LAWRENCEBURG — A jury returned a verdict Thursday denying the claims of a former Anderson County Fiscal Court employee who alleged she was sexually harassed and illegally fired.
Lea Beasmore, who sought more than $1 million in damages, had said in 2009 that the fiscal court and then-Judge-Executive Steve Cornish violated her civil rights and violated the Kentucky Whistleblower Act when she was terminated in March of that year. The whistle-blower law protects public employees who expose wrongdoing.
A jubilant Cornish said he felt vindicated by the verdict.
"I had complete faith in the turnout. This is what I was expecting the whole time," he said. "I'm tickled that it's over with." Cornish was defeated in the May 2010 Democratic primary.
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Beasmore had no comment, but her attorney, Ken Henry of Louisville, said she was "obviously disappointed" with the verdict.
"It's terribly disappointing when the things that were admittedly going on in county government don't rise to the level of a hostile work environment," Henry said. "It's extraordinarily hard on the victims in these cases, and that's why there are so few of these types of cases."
Among the allegations in Beasmore's complaint was that a county building inspector brought a vibrator into her office and gave it to her. On another occasion, Beasmore alleged, the building inspector and another county employee asked Beasmore and another woman to step into an office and watch a video on a work computer of two people engaged in sexual intercourse.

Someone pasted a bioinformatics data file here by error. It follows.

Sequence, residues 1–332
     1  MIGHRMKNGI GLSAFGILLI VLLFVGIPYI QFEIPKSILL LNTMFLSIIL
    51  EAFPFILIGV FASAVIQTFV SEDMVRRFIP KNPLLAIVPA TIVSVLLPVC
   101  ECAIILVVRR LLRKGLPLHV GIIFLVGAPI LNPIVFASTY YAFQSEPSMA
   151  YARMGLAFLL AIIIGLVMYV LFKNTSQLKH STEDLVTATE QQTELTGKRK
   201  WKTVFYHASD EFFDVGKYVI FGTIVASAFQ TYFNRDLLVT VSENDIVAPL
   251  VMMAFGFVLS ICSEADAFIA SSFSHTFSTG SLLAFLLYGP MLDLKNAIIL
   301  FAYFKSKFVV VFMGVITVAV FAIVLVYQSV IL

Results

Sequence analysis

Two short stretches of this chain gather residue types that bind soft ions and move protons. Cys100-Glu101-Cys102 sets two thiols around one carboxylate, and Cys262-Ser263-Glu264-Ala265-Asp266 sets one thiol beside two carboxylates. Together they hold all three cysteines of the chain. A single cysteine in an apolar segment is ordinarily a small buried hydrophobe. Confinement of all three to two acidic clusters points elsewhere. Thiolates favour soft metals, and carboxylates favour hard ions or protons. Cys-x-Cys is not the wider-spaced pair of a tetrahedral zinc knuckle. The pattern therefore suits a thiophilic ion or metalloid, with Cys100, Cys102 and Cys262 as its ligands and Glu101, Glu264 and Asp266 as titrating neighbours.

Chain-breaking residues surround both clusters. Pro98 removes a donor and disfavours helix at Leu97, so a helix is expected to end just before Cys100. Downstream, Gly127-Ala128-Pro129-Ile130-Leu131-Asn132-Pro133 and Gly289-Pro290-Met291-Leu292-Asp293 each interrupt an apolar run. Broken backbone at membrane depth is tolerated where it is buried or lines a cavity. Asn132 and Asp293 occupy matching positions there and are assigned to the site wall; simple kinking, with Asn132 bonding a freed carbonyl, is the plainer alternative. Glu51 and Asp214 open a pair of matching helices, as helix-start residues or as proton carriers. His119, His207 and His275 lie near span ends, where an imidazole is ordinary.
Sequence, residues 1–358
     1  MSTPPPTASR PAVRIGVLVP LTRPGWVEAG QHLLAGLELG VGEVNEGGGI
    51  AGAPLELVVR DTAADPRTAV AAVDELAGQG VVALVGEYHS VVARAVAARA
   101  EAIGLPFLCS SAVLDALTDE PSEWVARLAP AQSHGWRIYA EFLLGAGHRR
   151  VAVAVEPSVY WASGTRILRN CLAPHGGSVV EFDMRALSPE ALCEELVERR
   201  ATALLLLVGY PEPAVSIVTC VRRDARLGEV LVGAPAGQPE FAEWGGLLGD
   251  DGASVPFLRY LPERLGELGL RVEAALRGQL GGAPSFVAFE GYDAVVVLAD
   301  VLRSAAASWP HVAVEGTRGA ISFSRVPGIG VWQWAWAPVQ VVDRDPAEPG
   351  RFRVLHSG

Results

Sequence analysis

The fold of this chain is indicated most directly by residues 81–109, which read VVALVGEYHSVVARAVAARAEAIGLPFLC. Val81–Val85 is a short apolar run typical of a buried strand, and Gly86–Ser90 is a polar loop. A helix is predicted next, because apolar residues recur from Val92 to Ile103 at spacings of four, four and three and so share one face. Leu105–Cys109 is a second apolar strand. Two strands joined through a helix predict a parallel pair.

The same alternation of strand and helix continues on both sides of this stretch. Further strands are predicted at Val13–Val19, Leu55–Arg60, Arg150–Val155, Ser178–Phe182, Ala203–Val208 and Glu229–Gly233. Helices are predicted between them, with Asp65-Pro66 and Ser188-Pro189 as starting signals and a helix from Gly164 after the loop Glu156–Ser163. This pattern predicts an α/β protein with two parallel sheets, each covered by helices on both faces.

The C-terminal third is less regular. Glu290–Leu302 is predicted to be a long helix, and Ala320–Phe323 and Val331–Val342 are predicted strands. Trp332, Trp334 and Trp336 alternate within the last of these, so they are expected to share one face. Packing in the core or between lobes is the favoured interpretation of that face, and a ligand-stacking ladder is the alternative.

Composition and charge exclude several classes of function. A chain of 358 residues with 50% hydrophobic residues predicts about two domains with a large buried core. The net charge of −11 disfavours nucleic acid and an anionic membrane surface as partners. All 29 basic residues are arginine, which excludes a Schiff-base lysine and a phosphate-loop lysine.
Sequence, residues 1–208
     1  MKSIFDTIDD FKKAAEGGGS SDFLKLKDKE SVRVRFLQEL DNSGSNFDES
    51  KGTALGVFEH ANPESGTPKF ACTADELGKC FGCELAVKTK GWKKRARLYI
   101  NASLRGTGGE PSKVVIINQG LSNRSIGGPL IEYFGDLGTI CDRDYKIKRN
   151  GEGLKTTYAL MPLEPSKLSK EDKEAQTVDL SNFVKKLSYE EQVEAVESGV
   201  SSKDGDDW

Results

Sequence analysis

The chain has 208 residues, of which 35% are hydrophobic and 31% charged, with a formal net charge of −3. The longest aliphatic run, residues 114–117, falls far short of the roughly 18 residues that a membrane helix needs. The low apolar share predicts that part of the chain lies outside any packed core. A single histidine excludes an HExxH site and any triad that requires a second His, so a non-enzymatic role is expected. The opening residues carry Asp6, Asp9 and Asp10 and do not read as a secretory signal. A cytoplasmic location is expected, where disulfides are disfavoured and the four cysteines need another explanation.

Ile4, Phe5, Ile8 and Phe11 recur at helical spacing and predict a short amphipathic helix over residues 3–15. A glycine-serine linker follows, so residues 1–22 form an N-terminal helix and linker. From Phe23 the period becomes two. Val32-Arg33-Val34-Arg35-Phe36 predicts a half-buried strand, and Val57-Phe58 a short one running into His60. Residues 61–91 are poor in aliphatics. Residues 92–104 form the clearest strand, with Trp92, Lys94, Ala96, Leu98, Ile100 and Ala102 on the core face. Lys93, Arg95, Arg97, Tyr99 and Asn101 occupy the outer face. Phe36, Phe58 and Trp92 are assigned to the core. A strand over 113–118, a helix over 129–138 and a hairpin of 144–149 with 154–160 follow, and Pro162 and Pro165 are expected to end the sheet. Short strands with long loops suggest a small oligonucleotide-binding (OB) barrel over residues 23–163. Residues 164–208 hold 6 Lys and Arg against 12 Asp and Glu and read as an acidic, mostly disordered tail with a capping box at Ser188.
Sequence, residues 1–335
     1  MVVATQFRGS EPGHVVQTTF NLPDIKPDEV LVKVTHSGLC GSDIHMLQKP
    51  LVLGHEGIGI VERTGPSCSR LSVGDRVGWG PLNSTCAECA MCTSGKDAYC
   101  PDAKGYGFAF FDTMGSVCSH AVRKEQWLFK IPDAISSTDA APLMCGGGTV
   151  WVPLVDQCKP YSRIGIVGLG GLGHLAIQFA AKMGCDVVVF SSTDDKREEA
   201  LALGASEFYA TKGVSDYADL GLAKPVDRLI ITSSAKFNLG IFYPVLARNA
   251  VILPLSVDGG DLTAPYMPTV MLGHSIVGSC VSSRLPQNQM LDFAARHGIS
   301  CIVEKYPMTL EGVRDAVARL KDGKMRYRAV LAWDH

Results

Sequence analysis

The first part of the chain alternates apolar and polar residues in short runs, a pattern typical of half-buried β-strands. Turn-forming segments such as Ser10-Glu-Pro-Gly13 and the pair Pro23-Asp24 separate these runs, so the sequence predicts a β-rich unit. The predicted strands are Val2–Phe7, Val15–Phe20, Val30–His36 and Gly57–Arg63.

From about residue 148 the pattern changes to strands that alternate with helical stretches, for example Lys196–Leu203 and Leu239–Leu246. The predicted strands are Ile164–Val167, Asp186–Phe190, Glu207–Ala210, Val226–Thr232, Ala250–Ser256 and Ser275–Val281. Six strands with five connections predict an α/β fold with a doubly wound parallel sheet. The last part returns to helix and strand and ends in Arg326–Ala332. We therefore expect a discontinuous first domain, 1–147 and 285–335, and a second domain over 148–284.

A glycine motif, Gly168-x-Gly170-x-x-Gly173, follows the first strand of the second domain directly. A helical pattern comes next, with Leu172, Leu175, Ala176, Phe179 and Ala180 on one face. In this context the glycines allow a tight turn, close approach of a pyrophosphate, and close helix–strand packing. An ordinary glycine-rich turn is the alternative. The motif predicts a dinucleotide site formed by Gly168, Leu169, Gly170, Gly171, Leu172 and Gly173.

Beasmore also alleged that county road foreman Chip Chambers was verbally abusive to her and that his behavior constituted sexual harassment. Chambers is no longer with the road department.
To return a guilty verdict on the claim of sexual harassment, the five men and seven women on the jury were instructed that they must be satisfied of three things:
■ That the fiscal court subjected Beasmore "to unwelcome verbal conduct or material of a sexual nature."
■ That such conduct was "so severe or pervasive that it created an intimidating, hostile or offensive work environment."
■ That such conduct caused "injury to Beasmore's psychological well-being."
The jury answered that it was not satisfied all three conditions had been present.
Beasmore also had alleged that she made several good-faith efforts to report mismanagement and failure by another supervisor, finance officer Rick Waddle, in his job duties. In one instance, Waddle had failed to pay the county employees' life-insurance bill, court documents say. In three other instances, Beasmore reported that Waddle had mismatched purchase orders and invoices.
Waddle and another employee, Renee Evans, eventually went to Cornish and asked that something be done about Beasmore because she was creating too much dissension in the office, the suit says. Beasmore alleges that Waddle admitted having a grudge against her for reporting the failure to pay the life-insurance bill.
According to the suit, Cornish called Beasmore into his office on March 2, 2009, and told her that she could resign or that he would fire her. She refused to resign, so Cornish fired her.
On a second question, the jury was asked: "Are you satisfied from the evidence that Lea Beasmore made a good-faith report or disclosure to the county judge-executive of facts or information relative to actual or suspected mismanagement and/or waste, and that such report or disclosure was a contributing factor in the decision to discharge Lea Beasmore from her employment with Anderson County Fiscal Court?"
The jury, which deliberated less than five hours, also answered "no" to that question.